Sunday, March 5, 2017

Sunday Sweats: Strength training won't make you bulky

My office workout program is almost over. Eight weeks has gone by so fast. I still think back to the first week, when I wasn't at all sure I would like the format (three days of cardio, one day of barre, and one day of tabata). Now, I love it and look forward to it every day. Barre, especially, is a favorite. It gives me the strength training I need but am not good at doing on my own.

During the first week of the program, one of the girls told me she was going to skip the barre class days because she didn't want to "get bulky or start looking manish."

I didn't know how to respond. And I hope my face hid how I really felt about her comment.

We're using hand weights. How is that going to make you bulky? And you can choose the size of your weights if you're REALLY concerned about building muscle.  Although I can't begin to imagine why anyone would be against burning muscle. I just can't imagine that.

I know women who lift a lot more than a few dumbbells who do not look "manish." I follow many women who are very into powerlifting and crossfit. They are strong and sculpted, but they don't look like men. They look like fit women. That's it.

My first reaction to her comment was that she was dumb. But as I contemplated it more (and believe me, I did) I honestly think she's just misinformed.

I hate that there's such a myth about working out with weights. There's a huge difference between strength training and bodybuilding. And the answers about the differences are all over the internet. I particularly liked this article from Prevention magazine that lists 10 popular myths people need to ignore. Of the myths in that link, a few definitely spoke to the conversation I had with this girl.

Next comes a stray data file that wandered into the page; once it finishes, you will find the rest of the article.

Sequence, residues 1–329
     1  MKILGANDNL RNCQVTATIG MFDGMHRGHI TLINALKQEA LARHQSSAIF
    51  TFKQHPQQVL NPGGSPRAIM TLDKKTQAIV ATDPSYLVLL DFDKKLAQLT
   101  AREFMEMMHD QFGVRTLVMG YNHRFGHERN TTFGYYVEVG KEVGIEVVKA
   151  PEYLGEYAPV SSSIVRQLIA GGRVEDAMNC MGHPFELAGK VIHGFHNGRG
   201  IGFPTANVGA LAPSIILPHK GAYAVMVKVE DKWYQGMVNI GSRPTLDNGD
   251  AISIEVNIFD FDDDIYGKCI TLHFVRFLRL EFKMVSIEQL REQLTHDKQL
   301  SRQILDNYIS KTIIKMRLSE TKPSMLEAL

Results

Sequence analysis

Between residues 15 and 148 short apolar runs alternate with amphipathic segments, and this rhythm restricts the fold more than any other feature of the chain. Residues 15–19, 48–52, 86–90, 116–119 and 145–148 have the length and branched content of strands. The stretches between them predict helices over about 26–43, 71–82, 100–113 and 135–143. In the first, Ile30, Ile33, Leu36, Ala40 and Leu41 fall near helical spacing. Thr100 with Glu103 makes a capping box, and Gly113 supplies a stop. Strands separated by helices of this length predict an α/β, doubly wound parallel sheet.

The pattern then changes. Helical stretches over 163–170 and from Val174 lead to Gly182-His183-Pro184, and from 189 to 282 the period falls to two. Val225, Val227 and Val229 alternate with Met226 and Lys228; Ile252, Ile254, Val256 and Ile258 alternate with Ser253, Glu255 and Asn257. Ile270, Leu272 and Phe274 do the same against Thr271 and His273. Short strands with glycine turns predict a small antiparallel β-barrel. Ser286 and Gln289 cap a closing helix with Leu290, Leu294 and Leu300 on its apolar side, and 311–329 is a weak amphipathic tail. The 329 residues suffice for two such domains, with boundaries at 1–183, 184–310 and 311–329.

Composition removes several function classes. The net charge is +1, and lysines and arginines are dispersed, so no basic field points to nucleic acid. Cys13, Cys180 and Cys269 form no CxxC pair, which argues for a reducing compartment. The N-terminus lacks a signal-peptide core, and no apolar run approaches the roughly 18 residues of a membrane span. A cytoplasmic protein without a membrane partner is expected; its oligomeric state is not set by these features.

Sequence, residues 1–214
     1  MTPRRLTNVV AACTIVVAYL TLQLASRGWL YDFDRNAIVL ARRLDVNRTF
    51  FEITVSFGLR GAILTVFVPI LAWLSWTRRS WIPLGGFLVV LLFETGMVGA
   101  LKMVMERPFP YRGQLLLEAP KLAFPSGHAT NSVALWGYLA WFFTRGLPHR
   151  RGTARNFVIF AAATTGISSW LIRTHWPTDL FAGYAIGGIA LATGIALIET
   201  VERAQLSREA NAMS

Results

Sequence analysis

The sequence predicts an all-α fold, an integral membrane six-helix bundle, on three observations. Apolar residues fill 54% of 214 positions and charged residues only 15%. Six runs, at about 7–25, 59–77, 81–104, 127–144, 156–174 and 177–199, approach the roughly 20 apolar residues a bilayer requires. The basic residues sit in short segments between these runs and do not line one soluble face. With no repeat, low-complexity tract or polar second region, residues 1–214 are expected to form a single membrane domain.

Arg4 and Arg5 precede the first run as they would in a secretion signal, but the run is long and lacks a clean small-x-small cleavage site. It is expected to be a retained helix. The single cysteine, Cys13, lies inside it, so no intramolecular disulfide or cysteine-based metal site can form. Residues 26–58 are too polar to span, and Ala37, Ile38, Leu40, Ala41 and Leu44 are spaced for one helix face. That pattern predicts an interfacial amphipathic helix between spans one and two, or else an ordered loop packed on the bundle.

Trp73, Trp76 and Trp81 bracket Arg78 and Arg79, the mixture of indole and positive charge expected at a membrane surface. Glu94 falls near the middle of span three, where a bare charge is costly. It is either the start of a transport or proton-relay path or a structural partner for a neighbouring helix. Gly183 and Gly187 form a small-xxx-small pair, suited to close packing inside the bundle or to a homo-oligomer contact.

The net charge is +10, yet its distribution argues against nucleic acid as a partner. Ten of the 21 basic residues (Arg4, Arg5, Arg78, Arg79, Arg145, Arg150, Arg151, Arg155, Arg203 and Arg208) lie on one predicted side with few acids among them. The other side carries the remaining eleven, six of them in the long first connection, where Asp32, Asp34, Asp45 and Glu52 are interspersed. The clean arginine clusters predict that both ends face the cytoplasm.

The second one on the list -- "It'll turn you into a hulk." The expert quoted in the article stated that "90 percent of women are physiologically unable to build muscle to the degree where they would be considered bulky. It is simply a function of estrogen and lack of testosterone."

I got the sense she also believed she'd burn more calories by doing cardio on her own. Not true, according to that article. By increasing lean mass through strength training, you can increase your resting metabolism, which helps you burn more calories by just existing. There's a quote in the article that says "the muscles of a strength trainer burn 50 percent more calories than the muscles of a runner or walker."

Strength training is also not just about building muscle. I know it also helps with balance, posture, and bone health. The article informed me that it also helps with cognitive function. In other words, it's good for the brain too. And some studies have shown that 10 weeks of progressive strength training can reduce anxiety, depression, and fatigue. Who wouldn't want that?

I guess I should just let it go. If she wants to miss out on all the benefits of strength training and barre, then that's her choice. But I'm definitely going to keep it up for all of the reasons above and also just because I enjoy it and feel better after those classes.


Last week's workouts
Sunday - Off
Monday - Xtreme Cardio
Tuesday - Xtreme Barre
Wednesday - Xtreme Cardio + Abs
Thursday - Xtreme Tabata
Friday - Xtreme Cardio
Saturday - Off --  but I did pack some boxes and worked a killer shift at the brewery, so ... maybe it counts?

I'm sure Holly and Christy did awesome this week. Go check out their Sunday Sweats posts!

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